Single-Walled Carbon Nanotubes
Single-walled carbon nanotubes (SWCNTs) are hollow, long cylinders with extremely large aspect ratios, made of one atomic sheet of carbon atoms in a honeycomb lattice. They possess extraordinary thermal, mechanical, and electrical properties and are considered as one of the most promising nanomaterials for applications and basic research. This chapter describes the structural, electronic, vibrational, optical, transport, mechanical, and thermal properties of these unusual one-dimensional (1-D) nanomaterials. The crystallographic (Sect. 4.2.1), electronic (Sect. 4.2.2), vibrational (Sect. 4.2.3), optical (Sect. 4.4), transport (Sect. 4.5), thermal (Sect. 4.6.1), and mechanical (Sect. 4.6.2) properties of these unusual 1-D nanomaterials will be outlined. In addition, we will provide an overview of the various methods developed for synthesizing SWCNTs in Sect. 4.3.
Even after more than two decades of extensive basic studies since their discovery, carbon nanotubes continue to surprise researchers with potential new applications and interesting discoveries of novel phenomena and properties. Because of an enormous thrust towards finding practical applications, carbon nanotube research is actively being pursued in diverse areas including energy storage, molecular electronics, nanomechanical devices, composites, and chemical and bio-sensing.
Structurally, carbon nanotubes are made up of sp2-bonded carbon atoms, like graphite, and can be conceptually viewed as rolled-up sheets of single-layer graphite, or graphene. Their diameter typically lies in the nanometer range while their length often exceeds microns, sometimes centimeters, thus making them 1-D nanostructures. Depending on the number of tubes that are arranged concentrically, carbon nanotubes are further classified into single-walled and multi- walled nanotubes. Single-walled carbon nanotubes, the subject of this chapter, are especially interesting. They are ideal materials in which to explore one-dimensional physics and strong Coulomb correlations. In addition, their cylindrical topology allows them to exhibit nonintuitive quantum phenomena when placed in a parallel magnetic field, due to the Aharonov–Bohm effect. A number of research groups have found exotic many-body effects through a variety of transport, optical, magnetic, and photoemission experiments.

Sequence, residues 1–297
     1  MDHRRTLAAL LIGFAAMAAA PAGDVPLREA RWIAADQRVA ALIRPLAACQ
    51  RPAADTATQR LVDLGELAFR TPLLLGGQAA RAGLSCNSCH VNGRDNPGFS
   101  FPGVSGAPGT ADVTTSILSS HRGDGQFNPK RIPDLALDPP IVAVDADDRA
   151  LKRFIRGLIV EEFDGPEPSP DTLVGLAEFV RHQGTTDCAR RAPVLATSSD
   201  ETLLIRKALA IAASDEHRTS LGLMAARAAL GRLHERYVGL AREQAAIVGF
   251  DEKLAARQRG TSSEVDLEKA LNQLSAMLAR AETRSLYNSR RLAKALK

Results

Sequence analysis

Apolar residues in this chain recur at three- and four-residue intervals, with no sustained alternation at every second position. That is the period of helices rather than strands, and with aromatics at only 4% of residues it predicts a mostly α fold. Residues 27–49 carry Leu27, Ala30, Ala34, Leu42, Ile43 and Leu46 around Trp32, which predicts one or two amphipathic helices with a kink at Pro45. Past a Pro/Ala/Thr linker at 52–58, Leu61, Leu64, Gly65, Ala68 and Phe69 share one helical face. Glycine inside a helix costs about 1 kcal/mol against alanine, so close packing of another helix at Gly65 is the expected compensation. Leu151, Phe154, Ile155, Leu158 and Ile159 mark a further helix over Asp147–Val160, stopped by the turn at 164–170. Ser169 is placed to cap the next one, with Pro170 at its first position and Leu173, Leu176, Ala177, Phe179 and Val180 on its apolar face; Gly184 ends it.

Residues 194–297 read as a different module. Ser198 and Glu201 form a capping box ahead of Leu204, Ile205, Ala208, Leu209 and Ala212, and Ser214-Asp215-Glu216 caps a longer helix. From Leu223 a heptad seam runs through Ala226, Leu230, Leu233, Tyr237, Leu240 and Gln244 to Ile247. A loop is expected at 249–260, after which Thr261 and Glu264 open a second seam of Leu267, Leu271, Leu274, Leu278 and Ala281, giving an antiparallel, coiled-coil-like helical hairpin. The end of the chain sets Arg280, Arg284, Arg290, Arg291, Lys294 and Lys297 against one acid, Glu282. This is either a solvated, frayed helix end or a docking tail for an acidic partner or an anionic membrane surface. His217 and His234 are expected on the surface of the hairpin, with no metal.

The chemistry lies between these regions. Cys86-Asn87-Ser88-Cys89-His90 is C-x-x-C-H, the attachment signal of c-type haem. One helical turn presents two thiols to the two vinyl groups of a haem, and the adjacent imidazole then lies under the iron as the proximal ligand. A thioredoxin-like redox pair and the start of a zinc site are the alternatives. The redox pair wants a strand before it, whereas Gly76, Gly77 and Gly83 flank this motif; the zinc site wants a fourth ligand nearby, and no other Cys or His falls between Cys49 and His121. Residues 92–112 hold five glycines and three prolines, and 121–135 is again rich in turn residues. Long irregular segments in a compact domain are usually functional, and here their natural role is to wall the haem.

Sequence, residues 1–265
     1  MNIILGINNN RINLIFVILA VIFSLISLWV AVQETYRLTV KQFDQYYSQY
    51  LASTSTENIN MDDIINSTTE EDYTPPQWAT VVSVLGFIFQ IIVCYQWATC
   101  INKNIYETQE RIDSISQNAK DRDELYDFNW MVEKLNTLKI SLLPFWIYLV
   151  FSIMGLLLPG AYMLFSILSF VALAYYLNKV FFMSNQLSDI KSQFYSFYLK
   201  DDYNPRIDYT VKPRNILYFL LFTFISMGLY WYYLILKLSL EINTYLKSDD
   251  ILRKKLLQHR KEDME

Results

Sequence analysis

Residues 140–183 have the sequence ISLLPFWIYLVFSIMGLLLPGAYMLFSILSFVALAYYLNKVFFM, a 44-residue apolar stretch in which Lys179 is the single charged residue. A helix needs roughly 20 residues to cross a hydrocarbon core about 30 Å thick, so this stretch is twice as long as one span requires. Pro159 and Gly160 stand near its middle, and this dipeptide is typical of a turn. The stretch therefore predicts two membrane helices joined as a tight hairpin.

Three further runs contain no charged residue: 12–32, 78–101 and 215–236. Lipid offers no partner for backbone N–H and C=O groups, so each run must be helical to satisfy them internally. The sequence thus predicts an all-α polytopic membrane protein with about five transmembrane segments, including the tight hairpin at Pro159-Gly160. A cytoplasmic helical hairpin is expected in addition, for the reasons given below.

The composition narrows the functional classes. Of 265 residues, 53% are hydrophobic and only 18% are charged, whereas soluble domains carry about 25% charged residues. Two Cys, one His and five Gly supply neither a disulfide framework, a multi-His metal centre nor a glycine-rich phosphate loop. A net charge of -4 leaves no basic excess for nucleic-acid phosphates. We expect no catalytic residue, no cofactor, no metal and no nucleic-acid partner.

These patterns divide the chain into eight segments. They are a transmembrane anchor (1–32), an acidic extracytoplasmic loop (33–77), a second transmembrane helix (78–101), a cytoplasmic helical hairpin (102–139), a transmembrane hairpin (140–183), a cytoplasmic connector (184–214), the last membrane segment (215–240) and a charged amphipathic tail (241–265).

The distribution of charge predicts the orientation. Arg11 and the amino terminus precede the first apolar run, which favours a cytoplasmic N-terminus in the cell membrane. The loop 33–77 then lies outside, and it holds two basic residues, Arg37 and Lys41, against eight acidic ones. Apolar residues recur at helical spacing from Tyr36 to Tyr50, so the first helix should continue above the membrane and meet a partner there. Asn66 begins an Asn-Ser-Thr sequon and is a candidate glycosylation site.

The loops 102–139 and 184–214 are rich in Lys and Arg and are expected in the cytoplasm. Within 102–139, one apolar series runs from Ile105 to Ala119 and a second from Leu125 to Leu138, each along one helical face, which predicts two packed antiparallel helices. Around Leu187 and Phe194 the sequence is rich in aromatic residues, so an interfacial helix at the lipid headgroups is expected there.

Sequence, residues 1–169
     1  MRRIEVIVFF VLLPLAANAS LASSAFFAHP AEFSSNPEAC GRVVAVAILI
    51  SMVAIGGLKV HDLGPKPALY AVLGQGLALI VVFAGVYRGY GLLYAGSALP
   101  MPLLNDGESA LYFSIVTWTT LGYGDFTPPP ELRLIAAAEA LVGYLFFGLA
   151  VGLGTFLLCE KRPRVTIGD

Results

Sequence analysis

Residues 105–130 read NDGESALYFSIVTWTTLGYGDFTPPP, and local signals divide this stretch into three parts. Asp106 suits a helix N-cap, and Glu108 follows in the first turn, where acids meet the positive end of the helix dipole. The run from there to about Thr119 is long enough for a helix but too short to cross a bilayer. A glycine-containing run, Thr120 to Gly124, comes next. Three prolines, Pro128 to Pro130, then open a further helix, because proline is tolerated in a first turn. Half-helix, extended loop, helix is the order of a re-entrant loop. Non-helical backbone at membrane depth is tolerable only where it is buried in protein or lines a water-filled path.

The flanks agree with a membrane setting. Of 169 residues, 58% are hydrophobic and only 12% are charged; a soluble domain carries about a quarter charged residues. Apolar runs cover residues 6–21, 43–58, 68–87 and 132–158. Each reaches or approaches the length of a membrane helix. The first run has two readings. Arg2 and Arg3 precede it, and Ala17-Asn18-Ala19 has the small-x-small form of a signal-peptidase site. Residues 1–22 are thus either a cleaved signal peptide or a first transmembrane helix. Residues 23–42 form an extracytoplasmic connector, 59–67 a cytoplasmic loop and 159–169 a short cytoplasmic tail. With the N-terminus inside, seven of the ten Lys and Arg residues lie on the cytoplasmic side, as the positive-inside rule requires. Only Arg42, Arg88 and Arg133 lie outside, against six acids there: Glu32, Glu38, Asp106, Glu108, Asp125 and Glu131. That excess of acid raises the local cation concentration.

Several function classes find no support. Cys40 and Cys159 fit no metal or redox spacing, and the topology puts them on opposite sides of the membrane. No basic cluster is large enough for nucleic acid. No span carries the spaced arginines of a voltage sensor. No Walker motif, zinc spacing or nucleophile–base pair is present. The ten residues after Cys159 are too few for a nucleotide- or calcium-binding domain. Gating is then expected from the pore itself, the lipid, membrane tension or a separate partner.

Their electronic properties are very sensitive to their microscopic atomic arrangements and symmetry, covering a wide spectrum of energy scales. They can be either metallic or semiconducting with varying band gaps, depending on their diameter and chirality. Semiconducting nanotubes are particularly promising for photonic device applications with their diameter-dependent, direct band gaps, while metallic tubes are considered to be ideal candidates for a variety of electronic applications such as nanocircuit components and power transmission cables.
- Single-Walled Carbon Nanotubes
- Book Title
- Springer Handbook of Nanomaterials
- Book Part
- Part A
- pp 105-146
- Print ISBN
- Online ISBN
- Springer Berlin Heidelberg
- Copyright Holder
- Springer-Verlag Berlin Heidelberg
- Additional Links
- Industry Sectors
- eBook Packages
- Robert Vajtai (1)
- Editor Affiliations
- 1. Department of Mechanical Engineering and Materials Science, Rice University
- Author Affiliations
- 41. Electrical and Computer Engineering & Physics and Astronomy, Rice University, 6100 Main Street, 77098, Houston, TX, USA
- 42. Department of Physics & Astronomy, Rice University, 6100 Main Str., 77005, Houston, TX, USA
- 43. Department of Electrical and Computer Engineering, Rice University, 6100 Main Str., 77005, Houston, TX, USA
- 44. Department of Electrica and Computer Engineering, Rice University, 6100 Main Str., 77005, Houston, TX, USA
- 45. National High Magnetic Field Laboratory, Los Alamos National Laboratory, 87545, Los Alamos, NM, USA
- 46. Electrical and Computer Engineering, Rice University, 6100 Main Str., 77005, Houston, TX, USA
- 47. Intel Corporation, 5200 NE Elam Young Parkway, 97124, Hillsboro, OR, USA
- 48. Department of Mechanical Engineering, Vanderbilt University, 2301 Vanderbilt Place, 37215, Nashville, TN, USA
- 49. Electrical and Computer Engineering & Physics and Astronomy, Rice University, 6100 Main Str., 77005, Houston, TX, USA
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